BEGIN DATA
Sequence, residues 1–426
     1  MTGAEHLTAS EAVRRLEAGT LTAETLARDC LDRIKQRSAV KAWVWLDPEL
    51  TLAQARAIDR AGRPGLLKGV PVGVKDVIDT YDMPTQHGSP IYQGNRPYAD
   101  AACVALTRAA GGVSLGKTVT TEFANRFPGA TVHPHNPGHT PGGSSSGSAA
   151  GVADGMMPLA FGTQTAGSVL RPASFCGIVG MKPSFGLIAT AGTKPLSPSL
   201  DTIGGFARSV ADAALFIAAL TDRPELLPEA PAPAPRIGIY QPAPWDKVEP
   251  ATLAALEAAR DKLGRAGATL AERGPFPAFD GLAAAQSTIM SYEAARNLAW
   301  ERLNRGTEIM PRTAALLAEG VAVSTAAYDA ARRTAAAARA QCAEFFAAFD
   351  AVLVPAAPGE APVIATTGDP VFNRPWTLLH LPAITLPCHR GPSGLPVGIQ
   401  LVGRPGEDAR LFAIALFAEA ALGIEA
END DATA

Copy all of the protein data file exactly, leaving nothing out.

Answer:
Sequence, residues 1–426
     1  MTGAEHLTAS EAVRRLEAGT LTAETLARDC LDRIKQRSAV KAWVWLDPEL
    51  TLAQARAIDR AGRPGLLKGV PVGVKDVIDT YDMPTQHGSP IYQGNRPYAD
   101  AACVALTRAA GGVSLGKTVT TEFANRFPGA TVHPHNPGHT PGGSSSGSAA
   151  GVADGMMPLA FGTQTAGSVL RPASFCGIVG MKPSFGLIAT AGTKPLSPSL
   201  DTIGGFARSV ADAALFIAAL TDRPELLPEA PAPAPRIGIY QPAPWDKVEP
   251  ATLAALEAAR DKLGRAGATL AERGPFPAFD GLAAAQSTIM SYEAARNLAW
   301  ERLNRGTEIM PRTAALLAEG VAVSTAAYDA ARRTAAAARA QCAEFFAAFD
   351  AVLVPAAPGE APVIATTGDP VFNRPWTLLH LPAITLPCHR GPSGLPVGIQ
   401  LVGRPGEDAR LFAIALFAEA ALGIEA